Online Reputation Management
Think BP, Toyota, Tylenol, Red Cross -- all brands that suffered serious damage to their brands and reputation yet have survived. While your business or organization may not be on that scale, you could suffer reputation damage from which it could take years to recover. What's your online reputation management plan? The articles below offer some tips on how to manage your reputation online and how to assess reputation risks.
This article describes a process that will help managers do a better job of assessing existing and potential threats to their companies' reputations and deciding whether to accept a given risk or to take actions to avoid or mitigate it.
Online reputation can have much broader impact than your reviews in Yelp and Google.
When UCDavis hired two ORM firms, the results were unexpected.
Here's what a small business needs to know about how to assess, build, track and monitor its online reputation.
Which reputation management tool(s) do you need?
Patrick Ambron of BrandYourself.com shares his thoughts on how the reputation management industry is changing and what you need to know about the changes.
As always, I look forward to hearing about your concerns with regard to business continuity. If there are any topics that you'd like to see covered, email me at
Bob Mellinger, President
1. Reputation and Its Risks
Most companies do an inadequate job of managing their reputations in general and the risks to their reputations in particular. They tend to focus their energies on handling the threats to their reputations that have already surfaced. This is not risk management; it is crisis management-a reactive approach whose purpose is to limit the damage. This article provides a framework for proactively managing reputational risks. It explains the factors that affect the level of such risks and then explores how a company can sufficiently quantify and control them.
2. Ten Pro Online Reputation Management Tips For Local Businesses
There's hardly a business out there that doesn't have an occasional issue arise with a customer. Ideally, you can resolve things before it reaches a point where a customer believes they can only get satisfaction through a public forum or feels they ought to warn people about your business. But, if you've prepared and planned for how to handle online criticism of your company, the impact of one or two complaints can be much reduced, and you may be better able to respond effectively and rapidly to minimize monetary impact.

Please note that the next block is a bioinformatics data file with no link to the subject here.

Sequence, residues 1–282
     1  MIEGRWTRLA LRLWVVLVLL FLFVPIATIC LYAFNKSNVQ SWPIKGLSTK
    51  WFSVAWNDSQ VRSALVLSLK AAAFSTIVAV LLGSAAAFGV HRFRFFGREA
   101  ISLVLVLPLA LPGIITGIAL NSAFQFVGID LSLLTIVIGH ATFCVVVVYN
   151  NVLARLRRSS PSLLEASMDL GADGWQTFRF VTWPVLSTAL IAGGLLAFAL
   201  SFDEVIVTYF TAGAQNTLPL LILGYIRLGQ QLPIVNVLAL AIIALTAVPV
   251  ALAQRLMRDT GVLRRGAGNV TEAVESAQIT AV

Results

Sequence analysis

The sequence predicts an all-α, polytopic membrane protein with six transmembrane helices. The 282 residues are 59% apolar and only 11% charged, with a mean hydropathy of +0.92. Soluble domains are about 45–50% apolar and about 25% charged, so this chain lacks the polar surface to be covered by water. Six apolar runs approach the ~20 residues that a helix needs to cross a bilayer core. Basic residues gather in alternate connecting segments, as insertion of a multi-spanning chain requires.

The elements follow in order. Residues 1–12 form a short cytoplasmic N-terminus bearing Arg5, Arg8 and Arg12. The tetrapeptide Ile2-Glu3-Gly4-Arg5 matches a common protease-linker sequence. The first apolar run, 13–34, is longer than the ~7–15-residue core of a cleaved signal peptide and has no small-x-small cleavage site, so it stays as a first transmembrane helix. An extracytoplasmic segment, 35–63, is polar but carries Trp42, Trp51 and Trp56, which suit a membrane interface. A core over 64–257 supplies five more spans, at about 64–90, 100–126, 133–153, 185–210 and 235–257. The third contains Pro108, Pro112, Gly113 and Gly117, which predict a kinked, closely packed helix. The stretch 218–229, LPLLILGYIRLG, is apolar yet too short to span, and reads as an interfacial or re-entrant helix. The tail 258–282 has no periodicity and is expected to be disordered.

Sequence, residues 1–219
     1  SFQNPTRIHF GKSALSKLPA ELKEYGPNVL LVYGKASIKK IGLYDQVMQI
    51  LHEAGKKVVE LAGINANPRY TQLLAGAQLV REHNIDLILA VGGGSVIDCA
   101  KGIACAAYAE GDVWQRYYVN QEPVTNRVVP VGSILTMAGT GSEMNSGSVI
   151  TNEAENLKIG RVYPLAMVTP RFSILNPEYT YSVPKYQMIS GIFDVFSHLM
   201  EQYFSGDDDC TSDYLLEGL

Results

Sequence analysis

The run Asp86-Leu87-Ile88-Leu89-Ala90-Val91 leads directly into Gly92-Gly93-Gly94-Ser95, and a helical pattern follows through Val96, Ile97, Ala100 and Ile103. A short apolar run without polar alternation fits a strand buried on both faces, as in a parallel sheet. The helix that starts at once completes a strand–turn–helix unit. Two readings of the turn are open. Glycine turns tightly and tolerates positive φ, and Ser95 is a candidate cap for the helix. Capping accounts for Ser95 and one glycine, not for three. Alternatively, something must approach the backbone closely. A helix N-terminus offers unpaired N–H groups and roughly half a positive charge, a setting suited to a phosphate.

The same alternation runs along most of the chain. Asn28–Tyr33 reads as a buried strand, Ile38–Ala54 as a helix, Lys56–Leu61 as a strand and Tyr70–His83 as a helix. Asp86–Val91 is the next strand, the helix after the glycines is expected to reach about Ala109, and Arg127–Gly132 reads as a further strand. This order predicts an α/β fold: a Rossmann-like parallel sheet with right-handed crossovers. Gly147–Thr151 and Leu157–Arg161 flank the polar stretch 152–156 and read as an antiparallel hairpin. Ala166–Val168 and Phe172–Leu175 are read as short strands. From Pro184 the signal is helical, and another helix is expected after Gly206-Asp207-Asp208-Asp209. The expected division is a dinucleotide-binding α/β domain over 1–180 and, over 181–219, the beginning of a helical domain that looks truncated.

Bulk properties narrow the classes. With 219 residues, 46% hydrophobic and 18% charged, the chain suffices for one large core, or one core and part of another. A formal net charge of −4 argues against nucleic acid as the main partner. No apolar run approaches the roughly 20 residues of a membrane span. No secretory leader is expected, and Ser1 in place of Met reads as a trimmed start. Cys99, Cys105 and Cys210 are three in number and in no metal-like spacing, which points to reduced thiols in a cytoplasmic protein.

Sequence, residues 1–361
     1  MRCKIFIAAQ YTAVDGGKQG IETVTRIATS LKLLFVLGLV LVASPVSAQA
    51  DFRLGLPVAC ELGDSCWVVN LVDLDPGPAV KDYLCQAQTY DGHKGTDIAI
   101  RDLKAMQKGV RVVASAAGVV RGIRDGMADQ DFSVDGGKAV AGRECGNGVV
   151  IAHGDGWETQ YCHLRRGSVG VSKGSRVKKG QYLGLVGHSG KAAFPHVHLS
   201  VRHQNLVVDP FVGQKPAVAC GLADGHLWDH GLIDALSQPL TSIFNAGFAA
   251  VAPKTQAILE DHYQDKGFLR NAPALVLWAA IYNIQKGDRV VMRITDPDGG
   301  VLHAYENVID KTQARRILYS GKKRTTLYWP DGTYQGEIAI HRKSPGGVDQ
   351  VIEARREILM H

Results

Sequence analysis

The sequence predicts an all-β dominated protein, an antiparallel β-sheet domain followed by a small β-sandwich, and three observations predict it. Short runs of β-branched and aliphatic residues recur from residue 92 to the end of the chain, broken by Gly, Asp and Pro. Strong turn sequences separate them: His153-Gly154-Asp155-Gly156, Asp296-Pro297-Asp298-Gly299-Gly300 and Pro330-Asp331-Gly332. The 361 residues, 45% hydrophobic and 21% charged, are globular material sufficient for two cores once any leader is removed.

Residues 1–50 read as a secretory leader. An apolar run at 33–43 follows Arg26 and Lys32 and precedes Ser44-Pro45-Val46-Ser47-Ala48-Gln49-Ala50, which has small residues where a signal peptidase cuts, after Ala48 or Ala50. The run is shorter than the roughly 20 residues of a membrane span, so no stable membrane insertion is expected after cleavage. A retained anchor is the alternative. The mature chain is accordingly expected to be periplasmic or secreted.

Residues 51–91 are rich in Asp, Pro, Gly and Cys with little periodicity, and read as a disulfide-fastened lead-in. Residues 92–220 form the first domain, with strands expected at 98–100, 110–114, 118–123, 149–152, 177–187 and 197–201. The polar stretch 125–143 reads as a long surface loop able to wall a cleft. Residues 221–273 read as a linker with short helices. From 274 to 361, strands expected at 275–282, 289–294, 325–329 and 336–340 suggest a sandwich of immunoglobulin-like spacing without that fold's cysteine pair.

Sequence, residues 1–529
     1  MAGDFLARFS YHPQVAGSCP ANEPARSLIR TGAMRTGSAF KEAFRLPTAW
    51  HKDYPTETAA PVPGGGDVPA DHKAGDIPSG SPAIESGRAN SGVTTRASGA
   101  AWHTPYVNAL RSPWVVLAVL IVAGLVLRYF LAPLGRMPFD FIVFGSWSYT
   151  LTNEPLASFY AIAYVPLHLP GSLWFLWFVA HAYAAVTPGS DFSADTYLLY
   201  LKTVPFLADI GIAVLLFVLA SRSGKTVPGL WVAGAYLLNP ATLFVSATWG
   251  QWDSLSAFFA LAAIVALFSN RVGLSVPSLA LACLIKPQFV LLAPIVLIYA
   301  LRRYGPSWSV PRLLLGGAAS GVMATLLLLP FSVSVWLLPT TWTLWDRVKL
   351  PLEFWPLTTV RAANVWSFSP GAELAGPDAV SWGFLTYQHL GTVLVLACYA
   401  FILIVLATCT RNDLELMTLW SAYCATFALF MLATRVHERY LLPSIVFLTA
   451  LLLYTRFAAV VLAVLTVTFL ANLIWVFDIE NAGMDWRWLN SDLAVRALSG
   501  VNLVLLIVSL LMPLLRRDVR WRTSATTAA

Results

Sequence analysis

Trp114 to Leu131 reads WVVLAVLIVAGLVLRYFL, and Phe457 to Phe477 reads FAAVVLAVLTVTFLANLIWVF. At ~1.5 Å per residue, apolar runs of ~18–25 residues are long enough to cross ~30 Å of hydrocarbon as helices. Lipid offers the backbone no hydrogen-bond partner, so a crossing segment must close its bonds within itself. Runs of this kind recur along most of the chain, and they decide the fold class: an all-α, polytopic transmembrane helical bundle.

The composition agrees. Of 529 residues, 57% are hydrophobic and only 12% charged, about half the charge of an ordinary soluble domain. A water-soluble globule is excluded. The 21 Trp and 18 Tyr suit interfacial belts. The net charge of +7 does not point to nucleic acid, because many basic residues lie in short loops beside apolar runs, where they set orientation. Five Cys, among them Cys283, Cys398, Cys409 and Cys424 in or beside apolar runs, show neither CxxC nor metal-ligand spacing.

3. Blowback: when online reputation management goes wrong
It's natural for businesses and individuals to want to tamp down negative opinion on the web, beginning with search results. Although it's next to impossible to depress negative results on Google's SERPs, the standard approach is to add enough positive content to the web to cause the negative results to shift to the bottom of the page or to secondary pages getting less traffic. ORM efforts always entail some risk. Before you contract with an ORM firm, ask yourself these questions.
4. The Online Reputation Management Guide
The following Online Reputation Management Guide will show small businesses how to assess, build, track and monitor their online reputation. In most cases, you can follow these simple steps to easily grow your personal brand and/or small business.
5. Top 10 SEO Reputation Management Tools Online
If you learned nothing in high school, you learned that you do have control over your reputation and your reputation is elastic and can be changed. This same lesson works for businesses looking to shape and reform an online reputation; the difference, however, is that you have web tools to help you make it happen. Before jumping into the different tools available, it's important to understand some of the things that help give your business an online reputation---or the way that online readers perceive your business---in the first place
6. Why the Online Reputation Management Industry is Changing -- And Where it Needs To Go
2015 was an eventful year for the online reputation management industry. In June, Brand.com vanished overnight. Later in the year, the oldest player in the field, Reputation.com, announced it was replacing its founder and CEO. With major shakeups like this, it's impossible not to wonder what's going on. Is the market shrinking? Is the industry dying? Do less people need to improve how they look online?
Quote of the Week:
"Character is like a tree and reputation like its shadow. The shadow is what we think of it; the tree is the real thing."
-- Abraham Lincoln